Translator: “Miss Sabbith, I am translating. He is not being misrepresented.”

Sloan: “Ask him if he believed the radiation levels are going to a seven.”

Translator: “[translates question into Japanese].”

Don: “Please, please don’t go rogue.”

Tanaka: “[Responds in Japanese]”

Translator: “The radiation was categorized at level four and then recategorized at level five. And that’s where it should remain.”

Sloan: “Ma’am, he didn’t say that’s where it should remain. You did. Furthermore, he told me…you know what? I’m just gonna…Tanaka-san [speaks Japanese].”

Don: “And now we’re doing the broadcast in Japanese…We’ll be right back after this. Just say that. Say it in English.”

Sloan: “[rips out ear piece] [continues conversing with Tanaka in Japanese].”

Don: “[screams] Put me back!]”

Sloan: “Mr. Tanaka, your company had this incident rated at level four, then adjusted to level five. How confident are you that that’ll be the highest level we see?”

Don: “At least we’re back to English.”

Tanaka: “[responds in Japanese]”

Translator: “At this point we see no reason that that level will need future escalation.”

Sloan: “Well, that’s simply not what Mr. Tanaka told me on the phone earlier today.”

Don: “No, no.”

Sloan: “When I spoke with him earlier, he said there’s enough evidence to raise the level to seven…”

Don: “Go back to Japanese.”

Sloan: “And now he’s not saying it, so I am.”

Don: “Oh, my God!”

Sloan: “So there it is. The Fukushima nuclear power plant is saying that the level four radiation leak that was raised to level five has a chance at being raised to level seven, which is the difference between life and gruesome death. We’ll be back after this with Sarah Bernhardt.”

Don: “Sandra Bernhard, you idiot! Oh, what the hell does it matter?!”

I worked as a reporter for several years, so I am familiar with what happens when you present information that you have received off the record. In fact in many cases you can get fired for such an action, which is almost what happened to Sloan. However, in this case, I think exposing what Tanaka said off the record is the right thing. Though the show implies that the reason Sloan did this is because she wanted to impress Will, I think that reporters have a duty to report danger even if they do not get it on the record. However, reporters typically find ways around reporting off-the-record information by talking to other sources or using logic to show that the source is not describing the whole pictures and these options are not really portrayed in the show. Ultimately, though, Sloan did the right thing. While TEPCO does releases the information that reactor three reached radiation level seven later in the episode, Sloan’s exposing of that information may have saved some people from danger, especially since in reality, some of the radiation levels in villages surrounding the Fukushima plant have been confirmed to be greater than those caused by Chernobyl.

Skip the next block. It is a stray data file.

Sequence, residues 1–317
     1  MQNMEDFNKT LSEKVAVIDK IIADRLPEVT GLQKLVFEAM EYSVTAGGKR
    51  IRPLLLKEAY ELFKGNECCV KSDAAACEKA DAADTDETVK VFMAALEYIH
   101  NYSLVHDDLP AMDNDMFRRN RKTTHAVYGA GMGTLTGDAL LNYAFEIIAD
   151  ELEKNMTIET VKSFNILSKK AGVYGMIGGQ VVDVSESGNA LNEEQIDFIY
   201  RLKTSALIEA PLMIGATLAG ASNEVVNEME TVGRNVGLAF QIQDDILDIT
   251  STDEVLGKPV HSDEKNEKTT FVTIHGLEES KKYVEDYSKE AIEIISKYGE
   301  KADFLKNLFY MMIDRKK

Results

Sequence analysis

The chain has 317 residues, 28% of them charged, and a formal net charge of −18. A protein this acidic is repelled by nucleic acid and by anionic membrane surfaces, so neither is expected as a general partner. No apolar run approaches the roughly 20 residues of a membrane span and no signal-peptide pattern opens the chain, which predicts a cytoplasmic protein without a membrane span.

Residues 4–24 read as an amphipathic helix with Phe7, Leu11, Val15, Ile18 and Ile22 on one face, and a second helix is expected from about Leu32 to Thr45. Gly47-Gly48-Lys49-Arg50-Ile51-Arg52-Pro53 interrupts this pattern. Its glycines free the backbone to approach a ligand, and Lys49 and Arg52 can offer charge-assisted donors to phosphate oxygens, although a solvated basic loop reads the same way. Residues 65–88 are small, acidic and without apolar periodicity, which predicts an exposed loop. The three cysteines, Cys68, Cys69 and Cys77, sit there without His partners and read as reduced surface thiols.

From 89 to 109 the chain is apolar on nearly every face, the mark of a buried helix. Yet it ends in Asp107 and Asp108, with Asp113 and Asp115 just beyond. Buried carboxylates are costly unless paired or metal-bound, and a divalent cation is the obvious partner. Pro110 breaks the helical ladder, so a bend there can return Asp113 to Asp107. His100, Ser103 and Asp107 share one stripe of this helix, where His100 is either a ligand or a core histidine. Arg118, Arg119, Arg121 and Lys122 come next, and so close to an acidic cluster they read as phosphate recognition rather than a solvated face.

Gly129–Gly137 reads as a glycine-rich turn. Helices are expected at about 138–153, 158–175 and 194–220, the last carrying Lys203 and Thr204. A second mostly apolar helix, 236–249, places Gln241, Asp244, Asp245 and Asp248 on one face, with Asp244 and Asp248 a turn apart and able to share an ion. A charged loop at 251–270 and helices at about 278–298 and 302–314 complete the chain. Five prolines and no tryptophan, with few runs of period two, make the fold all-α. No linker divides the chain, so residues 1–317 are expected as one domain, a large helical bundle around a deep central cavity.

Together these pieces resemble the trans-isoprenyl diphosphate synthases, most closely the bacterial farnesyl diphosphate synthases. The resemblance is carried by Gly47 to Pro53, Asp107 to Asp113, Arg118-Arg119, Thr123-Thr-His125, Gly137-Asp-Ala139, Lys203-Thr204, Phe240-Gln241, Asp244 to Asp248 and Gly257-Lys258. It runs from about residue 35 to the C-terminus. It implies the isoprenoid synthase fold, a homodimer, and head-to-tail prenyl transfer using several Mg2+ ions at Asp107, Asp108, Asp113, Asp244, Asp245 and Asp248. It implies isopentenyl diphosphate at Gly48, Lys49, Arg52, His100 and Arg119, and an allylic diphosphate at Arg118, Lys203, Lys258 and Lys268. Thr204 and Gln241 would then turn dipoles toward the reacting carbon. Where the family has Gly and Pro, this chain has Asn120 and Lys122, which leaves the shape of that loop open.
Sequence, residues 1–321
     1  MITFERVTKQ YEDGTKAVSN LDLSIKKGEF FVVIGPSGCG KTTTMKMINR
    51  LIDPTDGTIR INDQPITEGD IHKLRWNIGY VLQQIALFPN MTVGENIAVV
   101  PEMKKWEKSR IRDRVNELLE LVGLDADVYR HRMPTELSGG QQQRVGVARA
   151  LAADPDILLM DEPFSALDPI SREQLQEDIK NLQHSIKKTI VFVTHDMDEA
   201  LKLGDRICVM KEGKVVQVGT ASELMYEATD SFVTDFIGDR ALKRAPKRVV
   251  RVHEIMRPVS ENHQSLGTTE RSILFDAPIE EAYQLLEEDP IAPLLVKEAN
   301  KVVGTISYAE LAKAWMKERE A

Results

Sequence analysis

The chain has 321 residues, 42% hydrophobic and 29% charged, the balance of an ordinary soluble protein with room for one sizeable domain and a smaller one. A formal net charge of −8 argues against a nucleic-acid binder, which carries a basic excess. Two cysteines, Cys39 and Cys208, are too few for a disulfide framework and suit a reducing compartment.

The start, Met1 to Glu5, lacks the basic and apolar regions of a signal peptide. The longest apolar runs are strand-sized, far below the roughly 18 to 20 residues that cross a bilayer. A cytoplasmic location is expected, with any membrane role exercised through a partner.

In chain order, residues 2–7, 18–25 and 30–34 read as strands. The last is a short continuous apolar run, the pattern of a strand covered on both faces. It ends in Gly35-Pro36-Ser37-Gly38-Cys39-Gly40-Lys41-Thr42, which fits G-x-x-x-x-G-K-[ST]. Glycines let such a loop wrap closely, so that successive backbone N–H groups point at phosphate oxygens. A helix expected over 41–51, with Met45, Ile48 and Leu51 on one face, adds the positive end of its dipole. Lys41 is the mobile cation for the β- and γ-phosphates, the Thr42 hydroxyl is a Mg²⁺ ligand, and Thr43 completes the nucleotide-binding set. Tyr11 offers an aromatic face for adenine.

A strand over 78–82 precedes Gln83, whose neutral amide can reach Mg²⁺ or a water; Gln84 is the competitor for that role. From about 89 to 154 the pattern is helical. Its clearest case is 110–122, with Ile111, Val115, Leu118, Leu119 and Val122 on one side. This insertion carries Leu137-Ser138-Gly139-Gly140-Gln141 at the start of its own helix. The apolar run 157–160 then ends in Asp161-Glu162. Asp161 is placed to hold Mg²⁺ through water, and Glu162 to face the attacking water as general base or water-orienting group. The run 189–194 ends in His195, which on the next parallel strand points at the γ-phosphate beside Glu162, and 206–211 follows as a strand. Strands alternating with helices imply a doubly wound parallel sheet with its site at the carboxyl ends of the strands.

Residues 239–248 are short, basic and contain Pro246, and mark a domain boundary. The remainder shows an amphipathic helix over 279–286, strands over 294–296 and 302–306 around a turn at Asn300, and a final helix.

Energy narrative characteristics found in this episode: life=energy, environmental degradation, corporate ruthlessness, convenient racism.